Plenty of models, scant funding for improved child care
WORKING PARENTS of all social classes are frustrated by the lack of reliable, high-quality child care and prekindergarten. There are plenty of promising models for providing it, including one in Massachusetts. The big problem is public money. But more substantial funding will flow only when broad constituencies are mobilized.
As structured, subsidy for child care is generally seen as a poor people's issue -- tending children so that welfare mothers can work or, more generously, Head Start money to give poor kids a better chance. A century ago, reformers promoted universal kindergarten as a way of integrating immigrant children into American society. They wisely promoted it for everyone and with well-trained teachers. In the same way, high quality child care is something that all families need today, because both parents typically work. The political logic of universal availability is the same.
In Massachusetts, the Education Reform Act of 1993 established goals for expanding child care and prekindergarten education. However, little has been done to carry it out. Proposed legislation would universalize high quality preschool education, professionalize the prekindergarten and child care labor force, and offer all-day kindergarten to all Massachusetts children. The program would phase in over 10 years and offer free childhood education four hours per day, five days per week on a year-round basis. The legislation has 111 House and Senate co-sponsors.
Potentially, the constituency is huge. For example, the Early Education for All Campaign is led by key business leaders, including Mara Aspinall of Genzyme and Paul O'Brien of the O'Brien Group Inc. They emphasize that businesses rely on a well-educated labor force that isn't distracted by makeshift child care arrangements.
In Seattle, fittingly enough, child care and early childhood education may be paid for with a tax on espresso. The revenue would be dedicated to subsidizing and professionalizing early childhood education. A pilot project was started in 1999 by Governor Gary Locke using $4 million saved from welfare reform. The project professionalizes early childhood education, creating career-ladders for teachers, mandating a base wage and raises for experience, responsibility, and education.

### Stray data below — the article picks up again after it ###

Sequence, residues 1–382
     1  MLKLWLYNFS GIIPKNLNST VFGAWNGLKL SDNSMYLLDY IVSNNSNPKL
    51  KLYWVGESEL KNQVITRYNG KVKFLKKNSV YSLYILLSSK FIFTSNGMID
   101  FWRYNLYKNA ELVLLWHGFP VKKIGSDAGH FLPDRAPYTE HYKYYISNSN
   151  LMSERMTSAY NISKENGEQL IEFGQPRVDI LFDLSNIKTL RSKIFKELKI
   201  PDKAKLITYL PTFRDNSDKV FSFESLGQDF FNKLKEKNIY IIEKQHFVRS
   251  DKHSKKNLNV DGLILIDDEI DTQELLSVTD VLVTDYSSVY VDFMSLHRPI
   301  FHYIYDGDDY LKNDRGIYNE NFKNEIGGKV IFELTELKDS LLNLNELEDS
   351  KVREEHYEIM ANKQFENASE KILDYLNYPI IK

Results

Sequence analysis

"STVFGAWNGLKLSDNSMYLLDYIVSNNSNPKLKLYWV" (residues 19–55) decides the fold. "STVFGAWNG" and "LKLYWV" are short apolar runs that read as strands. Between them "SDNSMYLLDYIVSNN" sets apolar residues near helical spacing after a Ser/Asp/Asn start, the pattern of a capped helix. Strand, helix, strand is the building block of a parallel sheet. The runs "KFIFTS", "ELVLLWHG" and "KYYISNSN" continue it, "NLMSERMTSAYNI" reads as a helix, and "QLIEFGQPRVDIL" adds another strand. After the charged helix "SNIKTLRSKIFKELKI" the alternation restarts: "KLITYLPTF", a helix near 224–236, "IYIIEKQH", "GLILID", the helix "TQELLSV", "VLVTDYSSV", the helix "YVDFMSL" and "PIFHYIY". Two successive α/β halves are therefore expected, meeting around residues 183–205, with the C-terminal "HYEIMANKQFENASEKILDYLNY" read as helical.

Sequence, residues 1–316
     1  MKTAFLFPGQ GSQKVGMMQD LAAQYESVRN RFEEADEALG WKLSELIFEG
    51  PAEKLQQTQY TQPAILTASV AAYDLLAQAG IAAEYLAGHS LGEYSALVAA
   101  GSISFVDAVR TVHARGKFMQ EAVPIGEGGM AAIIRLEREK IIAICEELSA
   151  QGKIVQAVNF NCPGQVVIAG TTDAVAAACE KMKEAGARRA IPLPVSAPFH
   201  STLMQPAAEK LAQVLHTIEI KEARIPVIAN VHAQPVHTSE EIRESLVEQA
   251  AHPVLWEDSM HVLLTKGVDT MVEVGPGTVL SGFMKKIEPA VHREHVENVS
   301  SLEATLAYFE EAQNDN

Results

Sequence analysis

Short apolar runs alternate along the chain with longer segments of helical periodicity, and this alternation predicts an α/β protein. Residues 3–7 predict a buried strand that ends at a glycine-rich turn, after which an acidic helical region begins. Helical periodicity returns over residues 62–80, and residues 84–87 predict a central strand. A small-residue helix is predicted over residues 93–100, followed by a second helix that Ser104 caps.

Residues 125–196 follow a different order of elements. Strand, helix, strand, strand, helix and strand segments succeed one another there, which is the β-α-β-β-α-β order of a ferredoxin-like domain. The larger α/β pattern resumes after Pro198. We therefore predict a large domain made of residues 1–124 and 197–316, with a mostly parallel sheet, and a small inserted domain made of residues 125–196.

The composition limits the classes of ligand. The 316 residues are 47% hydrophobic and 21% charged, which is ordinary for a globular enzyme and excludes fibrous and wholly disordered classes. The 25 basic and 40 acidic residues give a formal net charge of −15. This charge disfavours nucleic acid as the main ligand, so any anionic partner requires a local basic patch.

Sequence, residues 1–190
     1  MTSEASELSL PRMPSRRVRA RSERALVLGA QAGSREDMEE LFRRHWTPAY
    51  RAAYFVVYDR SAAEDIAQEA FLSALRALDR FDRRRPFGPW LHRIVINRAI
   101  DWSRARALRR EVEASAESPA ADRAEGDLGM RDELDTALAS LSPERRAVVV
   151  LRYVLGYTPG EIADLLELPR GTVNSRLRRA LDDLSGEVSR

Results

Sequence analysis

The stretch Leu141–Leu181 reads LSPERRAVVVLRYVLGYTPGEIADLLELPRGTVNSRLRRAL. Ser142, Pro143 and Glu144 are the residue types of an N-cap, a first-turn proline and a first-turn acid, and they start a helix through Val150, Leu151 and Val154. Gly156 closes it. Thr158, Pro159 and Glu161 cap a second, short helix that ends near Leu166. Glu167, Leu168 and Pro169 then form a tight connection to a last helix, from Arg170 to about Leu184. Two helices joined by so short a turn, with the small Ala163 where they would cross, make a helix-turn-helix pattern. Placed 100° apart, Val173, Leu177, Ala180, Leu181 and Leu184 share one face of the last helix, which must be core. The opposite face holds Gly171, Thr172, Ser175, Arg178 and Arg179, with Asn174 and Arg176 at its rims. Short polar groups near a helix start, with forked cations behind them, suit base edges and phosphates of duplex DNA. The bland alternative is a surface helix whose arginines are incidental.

The program is modeled after the widely acclaimed Military Child Development Program used on military bases throughout the country. The four key elements of both programs are: pay increases tied to continuing education; training and curriculum specialists in all centers; sliding parent fees; and quarterly unannounced inspections. The approach stresses quality, availability, and affordability of child care.
In Washington, the entry-level job is a teacher's aide without a high school diploma. Workers receive pay raises as they gain experience and additional professional credentials. They also get raises if they get a one-year community certificate, a bachelor's or master's degree in early childhood education. One hundred twenty of the state's child care centers were selected by lottery to participate. Eligibility required licensed centers to have a minimum of 10 percent low-income children, agree to the state-mandated wage scale, provide a minimum of 12 days of paid leave, pay $25 per month toward each worker's health benefits, help teachers apply for the state's "no frills" health plan, and form quality care committees.
The program has been a hit with parents of all income levels and child care workers. The average wage is $8.94, not enough but well above the national average. And 85 percent of participating centers offer health care benefits, compared to 58 percent across the state.
The success of the program has created a vocal constituency for expansion. John Burbank, executive director of the Economic Opportunity Institute, which conceived the program, organized a campaign of center directors, teachers, and parents who secured funding for two more years.
The same campaign is now promoting the 10-cents-per-shot tax on espresso drinks to permanently fund the program in Seattle. The tax would raise $7 million to $10 million per year to increase wages of child care workers, provide subsidies for low-income families, and increase the number of child care slots. EOI is working to get its referendum on the November ballot.
As long as our national government is unresponsive to these needs, campaigns must mobilize grass-roots support in places like Boston and Seattle. There's overwhelming evidence that investment in early childhood education and child care is good for business and saves society money in the long run. The political challenge is to broaden the constituency for this common-sense idea, which commands broad support everywhere but in public budgets.
Joan Fitzgerald is acting director of the Law Policy and Society Program at Northeastern University.
© Copyright 2003 Globe Newspaper Company.